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COURSE REVIEW: Article courtesy of Hacker Magazine (Review by Bill Willetts)
There is nothing even remotely tatty about the golf course at Tatura, neither will you find much evidence of a hilltop. What you will find is a good golf course with a high standard of presentation, wonderfully embellished by the relatively recent addition of a group of holes designed under the Thomson, Wolveridge, Perret label - five holes which give great character and style to the course. You will also discover a quartet of excellent Par 3 holes, and generally teasing, deceitful greens defended by some aggressive bunkering. In short, a golfer’s course!
The club was originally founded in 1909 as the Tatura Golf Club, playing a 4 hole course which must have allowed considerable economy of time and effort! Soon the club relocated to Hogan’s Paddock and in 1913. Like so many country Victorian courses, took more permanent residence at the local racecourse, first with nine holes, expanding to eighteen holes in 1949. The present course dates from 1965, when a layout designed by Eric Horne and H. Brown and implemented largely by members working bees, was officially opened at a property called Hill Top which had been purchased two years earlier (an acquisition made possible by members financial support). On completion of the course, parts of the perimeter were sold for residential development, allowing re-imbursement of members and giving the new Hill Top golf club a sound financial start.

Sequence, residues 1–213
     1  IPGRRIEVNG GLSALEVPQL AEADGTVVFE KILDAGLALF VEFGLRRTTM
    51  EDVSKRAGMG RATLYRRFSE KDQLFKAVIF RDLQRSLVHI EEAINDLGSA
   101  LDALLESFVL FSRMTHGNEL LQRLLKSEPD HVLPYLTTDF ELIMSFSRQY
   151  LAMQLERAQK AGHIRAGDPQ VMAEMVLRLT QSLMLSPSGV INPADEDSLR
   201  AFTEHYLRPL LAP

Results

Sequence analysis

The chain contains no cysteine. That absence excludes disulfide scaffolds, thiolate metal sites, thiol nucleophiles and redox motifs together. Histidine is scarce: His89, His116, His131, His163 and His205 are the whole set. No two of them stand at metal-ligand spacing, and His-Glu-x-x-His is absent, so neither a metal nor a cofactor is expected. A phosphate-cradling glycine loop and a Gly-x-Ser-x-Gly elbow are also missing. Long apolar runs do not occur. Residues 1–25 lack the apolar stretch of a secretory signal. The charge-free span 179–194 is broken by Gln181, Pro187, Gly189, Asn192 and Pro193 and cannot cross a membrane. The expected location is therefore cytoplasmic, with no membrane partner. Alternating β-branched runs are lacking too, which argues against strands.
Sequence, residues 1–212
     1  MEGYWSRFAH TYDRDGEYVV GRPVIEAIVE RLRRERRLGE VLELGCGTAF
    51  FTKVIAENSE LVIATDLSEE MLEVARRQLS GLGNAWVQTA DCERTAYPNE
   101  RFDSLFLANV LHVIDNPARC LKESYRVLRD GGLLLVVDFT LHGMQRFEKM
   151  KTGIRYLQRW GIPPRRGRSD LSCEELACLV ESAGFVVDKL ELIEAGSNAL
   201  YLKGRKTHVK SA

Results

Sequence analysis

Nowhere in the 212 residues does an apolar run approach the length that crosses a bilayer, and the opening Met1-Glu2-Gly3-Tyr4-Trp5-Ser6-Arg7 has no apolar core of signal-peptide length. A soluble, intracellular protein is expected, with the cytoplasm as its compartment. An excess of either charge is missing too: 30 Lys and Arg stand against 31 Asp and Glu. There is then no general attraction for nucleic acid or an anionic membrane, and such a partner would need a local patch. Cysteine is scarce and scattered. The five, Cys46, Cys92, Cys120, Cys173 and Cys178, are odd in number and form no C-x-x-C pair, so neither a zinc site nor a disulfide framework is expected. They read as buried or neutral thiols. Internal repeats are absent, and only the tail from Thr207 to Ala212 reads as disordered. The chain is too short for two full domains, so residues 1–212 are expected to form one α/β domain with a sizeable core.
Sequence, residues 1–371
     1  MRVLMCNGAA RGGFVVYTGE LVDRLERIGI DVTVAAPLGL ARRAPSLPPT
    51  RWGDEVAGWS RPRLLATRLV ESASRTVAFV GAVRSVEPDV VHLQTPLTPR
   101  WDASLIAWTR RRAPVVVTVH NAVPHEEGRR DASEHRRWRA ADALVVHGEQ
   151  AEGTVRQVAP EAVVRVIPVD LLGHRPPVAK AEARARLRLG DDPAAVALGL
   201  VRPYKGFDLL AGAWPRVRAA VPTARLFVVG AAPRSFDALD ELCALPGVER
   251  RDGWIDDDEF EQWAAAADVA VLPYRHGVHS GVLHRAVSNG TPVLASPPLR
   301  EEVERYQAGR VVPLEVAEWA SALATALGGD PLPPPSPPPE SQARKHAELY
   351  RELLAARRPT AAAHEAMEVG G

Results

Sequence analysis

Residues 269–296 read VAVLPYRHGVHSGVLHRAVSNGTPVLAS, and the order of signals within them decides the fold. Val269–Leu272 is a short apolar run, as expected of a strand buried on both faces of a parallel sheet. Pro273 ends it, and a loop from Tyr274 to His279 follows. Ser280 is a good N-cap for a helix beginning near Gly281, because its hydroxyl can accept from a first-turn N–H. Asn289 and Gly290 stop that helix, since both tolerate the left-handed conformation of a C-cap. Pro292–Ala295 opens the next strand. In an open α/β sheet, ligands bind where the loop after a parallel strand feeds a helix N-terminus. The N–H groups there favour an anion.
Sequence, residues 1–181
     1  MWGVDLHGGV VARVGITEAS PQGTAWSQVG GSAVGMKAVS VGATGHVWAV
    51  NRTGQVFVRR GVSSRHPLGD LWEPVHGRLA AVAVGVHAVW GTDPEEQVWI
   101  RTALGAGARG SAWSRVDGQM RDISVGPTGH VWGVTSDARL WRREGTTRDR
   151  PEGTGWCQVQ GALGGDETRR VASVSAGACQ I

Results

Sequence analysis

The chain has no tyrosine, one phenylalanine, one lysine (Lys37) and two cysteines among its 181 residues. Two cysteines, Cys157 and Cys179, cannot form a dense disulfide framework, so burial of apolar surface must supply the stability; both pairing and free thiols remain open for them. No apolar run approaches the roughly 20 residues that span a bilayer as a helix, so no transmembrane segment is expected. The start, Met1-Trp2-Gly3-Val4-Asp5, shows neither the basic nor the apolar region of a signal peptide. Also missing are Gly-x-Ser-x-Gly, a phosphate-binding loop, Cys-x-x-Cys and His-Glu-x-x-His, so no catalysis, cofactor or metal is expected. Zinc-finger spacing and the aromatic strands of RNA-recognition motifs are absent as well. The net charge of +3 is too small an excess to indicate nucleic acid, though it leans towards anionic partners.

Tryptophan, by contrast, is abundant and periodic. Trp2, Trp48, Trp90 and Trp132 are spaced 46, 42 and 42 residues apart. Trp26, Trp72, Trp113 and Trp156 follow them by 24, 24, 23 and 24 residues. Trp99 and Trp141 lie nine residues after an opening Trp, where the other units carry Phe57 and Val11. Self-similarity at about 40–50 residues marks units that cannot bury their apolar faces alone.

The opening holes provide almost a summary of the Horne/Brown design, predominantly flat, tree lined fairways leading to fine greens and the trade mark Hilltop bunkering, attractively sculptured, large and sometimes cavernously deep.
The 1st a substantial par 4, dogleg left at about 180m and then another 180m with the green best approached from the right to avoid the huge left side bunker. The second is shorter and almost straight - a birdie chance, but the approach must be threaded through a narrow gap between bunkers; and the 3rd, first and longest (186m) of the Par 3 holes.
Next we arrive at the first of the five consecutive Thomson inspired holes, a group of distinctive holes of outstanding character. The 4th a mid-length Par 5, is straight with most of the challenge packed into the final 100m, rising quite steeply to a double green (shared with the 8th), guarded by a pair of bunkers 60m short left, a creek wide right, and featuring an acute slope to the left rear. Not only will an approach to this part of the green be thrown off by the slope, it requires a strong will to play the resulting chip shot firmly to reach the flat section of the green, any shot slightly short will require an immediate action replay.
The 5th is a contender (with the 8th) for best hole on the course, a short Par 4 (320m) with water along the entire left flank and the fairway sloping sharply towards the left. A good drive to the high right side of the fairway will reward you with 20-30m extra run. A drive left of centre will probably leave you with wet socks! Another tricky green, elevated between mounds.